A note of caution must be sounded when considering the use of fields that are not currently being entered into LC authority records: information in the fields could be lost if a locally enhanced authority record were overlaid by a “standard” authority record from a vendor or from the LC file. While the 665 and 678 can provide valuable information, managers may wish to reserve their use only for information of special interest to the library's users.
The 680 field is a note that is used to describe relationships among headings. Defined as a public general note, it can contain any information for public display that does not fit into any of the other defined note fields.
150 Industrial relations
680 |i Here are entered works dealing with employer-employee relations in general. Works on that field of management which has the fundamental responsibility for recruiting, hiring, training, compensating, developing and caring for the general welfare of employees are entered under |a Personnel management. |i Works on the managing of employees by their supervisors so that duties are performed according to instructions are entered under |a Supervision of employees.
A version of this note, which is useful both to catalogers assigning subject headings and to users doing OPAC searches, appears on the subject authority records for all the terms referred to in the |a subfields.
There are, of course, many other MARC authority fields that provide valuable information to catalogers—but they are not configured for display in the OPAC. And a demonstration of the authority file's value to the catalog user may carry more weight in presenting the case for authority control to a skeptical administrator.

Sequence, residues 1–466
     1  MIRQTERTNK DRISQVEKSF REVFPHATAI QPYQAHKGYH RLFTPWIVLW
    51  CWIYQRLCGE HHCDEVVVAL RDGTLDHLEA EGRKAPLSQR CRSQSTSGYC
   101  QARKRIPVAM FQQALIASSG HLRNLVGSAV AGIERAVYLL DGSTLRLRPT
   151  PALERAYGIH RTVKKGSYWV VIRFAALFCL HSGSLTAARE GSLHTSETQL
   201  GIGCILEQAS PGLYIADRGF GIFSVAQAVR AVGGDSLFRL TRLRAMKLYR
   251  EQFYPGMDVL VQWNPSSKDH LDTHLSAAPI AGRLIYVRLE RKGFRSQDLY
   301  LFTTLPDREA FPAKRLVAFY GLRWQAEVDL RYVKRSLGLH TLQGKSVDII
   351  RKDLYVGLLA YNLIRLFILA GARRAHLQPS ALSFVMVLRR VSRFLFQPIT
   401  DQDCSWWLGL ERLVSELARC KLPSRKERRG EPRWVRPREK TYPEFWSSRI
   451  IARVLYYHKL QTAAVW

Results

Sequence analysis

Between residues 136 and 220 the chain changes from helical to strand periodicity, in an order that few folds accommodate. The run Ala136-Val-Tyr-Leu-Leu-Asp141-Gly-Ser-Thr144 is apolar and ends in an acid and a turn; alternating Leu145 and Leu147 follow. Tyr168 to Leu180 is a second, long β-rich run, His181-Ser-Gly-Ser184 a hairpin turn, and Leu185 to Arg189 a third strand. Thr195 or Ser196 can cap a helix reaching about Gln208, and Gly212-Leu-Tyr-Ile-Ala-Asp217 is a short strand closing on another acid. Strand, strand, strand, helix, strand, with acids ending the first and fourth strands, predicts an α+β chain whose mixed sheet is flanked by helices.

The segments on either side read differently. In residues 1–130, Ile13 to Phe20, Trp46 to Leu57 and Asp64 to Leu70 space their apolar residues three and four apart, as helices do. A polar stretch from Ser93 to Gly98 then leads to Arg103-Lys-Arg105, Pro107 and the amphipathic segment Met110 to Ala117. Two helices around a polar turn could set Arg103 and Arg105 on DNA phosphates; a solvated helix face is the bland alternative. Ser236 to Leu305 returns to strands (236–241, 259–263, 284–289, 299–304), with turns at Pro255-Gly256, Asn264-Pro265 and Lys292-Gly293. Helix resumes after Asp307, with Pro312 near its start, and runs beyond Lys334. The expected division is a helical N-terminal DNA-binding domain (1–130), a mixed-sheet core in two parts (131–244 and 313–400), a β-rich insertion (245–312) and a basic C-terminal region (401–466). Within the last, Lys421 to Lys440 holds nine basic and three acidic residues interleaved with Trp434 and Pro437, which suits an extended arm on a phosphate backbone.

Worth the Trouble?
Authority work, for all its fine detail, isn't about perfection. It's more a matter of pursuing perfection knowing that we can never achieve it, but finding the effort worthwhile. New areas of knowledge open up all the time, generating a need for new subject headings or the revision of old ones. Titles, people and corporate bodies change their names. And unpredictable humans are the ones creating the bibliographic records, which can make for unexpected and possibly entertaining errors in our records. But our ongoing attempts to impose structure and order on this chaos fulfill the central role of our profession: helping library users get the information they need.
Block, Rick J. 1999. “Authority Control: What It Is and Why It Matters.” http://www.nelinet.net/edserv/conf/cataloging/cts/1999/block.ppt (accessed March 30, 2006).
Library of Congress. 1998. LC Guidelines Supplement to the USMARC Format for Authority Data. Washington , D.C. : Library of Congress.